Hyundai replaced their popular ix35 compact sport utility vehicle with the Tucson in 2016 and it signalled a new emphasis by the Korean car maker in terms of styling and sales ambitions. With striking looks, good equipment levels and comfort throughout, the Tucson became Hyundai's best-selling car and one of the most popular choices among new car buyers in Ireland so far this year. Power comes from a choice of a petrol and two diesel engines with, depending on trim level, either front- or four-wheel-drive and manual or automatic transmissions. Five trim grades are on offer: Comfort, Comfort Plus, Executive, Premium and Premium Plus. Designed, built and tested in Europe, the Tucson is relaxing to drive and the steering feels satisfyingly responsive. The Tucson embodies all that Hyundai does well: generous standard equipment, economical to run and well priced.
Prices start from €26,245.
Named after an Alaskan bear, the Kodiaq is Skoda's seven- or five-seat SUV. Inside, three adults fit comfortably in the back, and, in the seven-seat option, the middle three seats slide forward to allow extra room for the two rear ones. Families will love the roomy and versatile seating arrangements, but the two seats at the back are best saved for children as they are quite small and only suitable for short journeys. With all seven seats in place, the Kodiaq has a reasonable 270 litres of boot space. Nice touches include the rubber guard that unfolds every time you open a door, to prevent damage to the frame in case the door knocks against another object. There are a range of engines, manual or DSG transmission options and two- and four-wheel-drive available, so there's plenty of choice. But most people who buy the Kodiaq are couples with children and this Skoda's most desirable trait is its seven seats. Despite its size, the Kodiaq rides very well, is agile and the steering well weighted. Skoda's Kodiaq offers space, comfort and practicality and is an all-purpose family car at a very competitive price.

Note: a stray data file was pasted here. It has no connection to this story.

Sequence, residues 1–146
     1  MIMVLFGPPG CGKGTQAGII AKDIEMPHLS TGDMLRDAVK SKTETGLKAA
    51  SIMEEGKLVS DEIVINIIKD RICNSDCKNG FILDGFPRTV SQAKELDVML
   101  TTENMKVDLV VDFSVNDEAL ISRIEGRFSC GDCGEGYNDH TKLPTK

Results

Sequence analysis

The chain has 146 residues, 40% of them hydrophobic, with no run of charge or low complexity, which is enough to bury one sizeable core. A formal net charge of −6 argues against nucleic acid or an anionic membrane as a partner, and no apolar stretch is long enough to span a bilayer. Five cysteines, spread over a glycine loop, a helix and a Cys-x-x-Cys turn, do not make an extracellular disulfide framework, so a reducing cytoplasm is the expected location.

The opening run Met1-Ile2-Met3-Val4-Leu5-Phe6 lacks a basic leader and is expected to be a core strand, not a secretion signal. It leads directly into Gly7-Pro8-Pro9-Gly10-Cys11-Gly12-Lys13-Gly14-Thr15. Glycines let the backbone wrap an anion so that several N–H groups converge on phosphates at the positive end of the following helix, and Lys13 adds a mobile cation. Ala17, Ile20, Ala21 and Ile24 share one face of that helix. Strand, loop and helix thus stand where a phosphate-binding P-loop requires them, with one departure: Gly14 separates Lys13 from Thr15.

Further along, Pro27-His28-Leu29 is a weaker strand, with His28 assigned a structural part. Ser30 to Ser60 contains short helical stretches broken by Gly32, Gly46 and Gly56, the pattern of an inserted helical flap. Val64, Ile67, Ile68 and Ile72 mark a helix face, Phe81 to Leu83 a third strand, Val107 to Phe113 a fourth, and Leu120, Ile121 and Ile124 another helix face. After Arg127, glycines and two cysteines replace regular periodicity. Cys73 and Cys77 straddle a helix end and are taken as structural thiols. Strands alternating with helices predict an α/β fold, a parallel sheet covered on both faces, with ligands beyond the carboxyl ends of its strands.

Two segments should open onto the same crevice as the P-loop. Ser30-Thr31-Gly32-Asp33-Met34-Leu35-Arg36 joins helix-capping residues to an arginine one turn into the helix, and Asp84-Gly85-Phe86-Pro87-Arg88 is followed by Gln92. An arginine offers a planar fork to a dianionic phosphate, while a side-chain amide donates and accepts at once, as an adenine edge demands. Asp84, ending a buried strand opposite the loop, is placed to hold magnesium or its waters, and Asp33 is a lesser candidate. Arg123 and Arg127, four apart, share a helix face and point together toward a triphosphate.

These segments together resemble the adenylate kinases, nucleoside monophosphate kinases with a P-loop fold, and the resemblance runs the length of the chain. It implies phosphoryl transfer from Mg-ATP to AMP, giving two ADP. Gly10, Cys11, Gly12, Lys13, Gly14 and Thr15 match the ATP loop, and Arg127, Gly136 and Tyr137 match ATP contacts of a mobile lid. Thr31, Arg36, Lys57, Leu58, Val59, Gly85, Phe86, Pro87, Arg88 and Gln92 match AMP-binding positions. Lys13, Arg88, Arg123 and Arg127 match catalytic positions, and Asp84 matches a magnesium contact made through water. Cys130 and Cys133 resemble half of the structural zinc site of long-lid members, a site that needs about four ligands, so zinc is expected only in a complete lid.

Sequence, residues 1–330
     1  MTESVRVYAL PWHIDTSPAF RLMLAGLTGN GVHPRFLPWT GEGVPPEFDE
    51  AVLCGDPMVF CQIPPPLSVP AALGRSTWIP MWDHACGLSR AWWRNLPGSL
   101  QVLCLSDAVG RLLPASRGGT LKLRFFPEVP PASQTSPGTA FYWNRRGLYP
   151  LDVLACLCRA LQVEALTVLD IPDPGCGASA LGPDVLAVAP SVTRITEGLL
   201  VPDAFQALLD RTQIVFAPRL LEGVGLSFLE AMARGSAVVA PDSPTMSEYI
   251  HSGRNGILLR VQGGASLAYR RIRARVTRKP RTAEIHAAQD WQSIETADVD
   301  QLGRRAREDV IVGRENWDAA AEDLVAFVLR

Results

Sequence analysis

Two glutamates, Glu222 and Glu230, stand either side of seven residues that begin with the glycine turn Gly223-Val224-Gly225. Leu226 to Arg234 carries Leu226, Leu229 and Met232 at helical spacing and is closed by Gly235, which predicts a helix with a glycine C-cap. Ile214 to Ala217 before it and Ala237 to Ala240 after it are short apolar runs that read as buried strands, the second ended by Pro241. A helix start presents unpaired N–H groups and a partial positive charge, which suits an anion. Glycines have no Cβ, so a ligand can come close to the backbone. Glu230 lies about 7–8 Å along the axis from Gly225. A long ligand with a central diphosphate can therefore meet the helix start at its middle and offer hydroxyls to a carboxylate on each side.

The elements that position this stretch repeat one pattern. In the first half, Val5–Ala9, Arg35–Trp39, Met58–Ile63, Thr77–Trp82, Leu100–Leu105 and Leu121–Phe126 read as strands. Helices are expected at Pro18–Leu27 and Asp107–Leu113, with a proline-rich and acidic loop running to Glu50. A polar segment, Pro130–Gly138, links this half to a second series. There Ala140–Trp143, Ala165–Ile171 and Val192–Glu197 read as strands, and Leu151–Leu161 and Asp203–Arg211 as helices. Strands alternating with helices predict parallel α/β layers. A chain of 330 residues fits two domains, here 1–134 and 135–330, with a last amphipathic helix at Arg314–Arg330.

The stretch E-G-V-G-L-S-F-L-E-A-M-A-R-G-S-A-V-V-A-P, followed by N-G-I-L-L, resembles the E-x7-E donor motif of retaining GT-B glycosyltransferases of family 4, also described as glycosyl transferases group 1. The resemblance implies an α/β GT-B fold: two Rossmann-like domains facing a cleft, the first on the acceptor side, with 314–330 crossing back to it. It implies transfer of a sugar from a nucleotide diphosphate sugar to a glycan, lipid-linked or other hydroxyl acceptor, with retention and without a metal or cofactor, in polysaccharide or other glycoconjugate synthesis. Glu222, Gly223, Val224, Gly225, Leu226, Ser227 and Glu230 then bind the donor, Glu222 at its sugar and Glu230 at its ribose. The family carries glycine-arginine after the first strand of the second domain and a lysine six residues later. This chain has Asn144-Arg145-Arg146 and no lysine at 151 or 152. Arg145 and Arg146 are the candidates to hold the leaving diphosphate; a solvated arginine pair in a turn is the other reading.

Prices start from €29,750.
With rugged good looks, extra ground clearance and genuine off-road ability, Subaru's XV is an impressive SUV. While this year's 'revamp' may look like a simple tweak, improvements have been made throughout and it's now stylish without making a fuss. Inside, the cabin is classier too and cleanly laid out with an easy-to-use infotainment system and clear displays. Two engines are available: a 1.6 and 2.0-litre petrol both mated to Subaru's capable Lineartronic CVT transmission. On the road it feels solid and reassuring but the noise from the CVT is disappointing and the ride may be a little on the harsh side for some. Fuel efficiency is not a strong point and the official figures of 7l/100km for the petrol version feels optimistic in the real world. The XV also comes with the latest iteration of Subaru's EyeSight safety technology that uses images from two cameras so it detects not only vehicles but also motorbikes, bicycles and pedestrians. Roomy, well-equipped and built for adventure, the XV is a small SUV with serious clout.
Prices start from €33,495.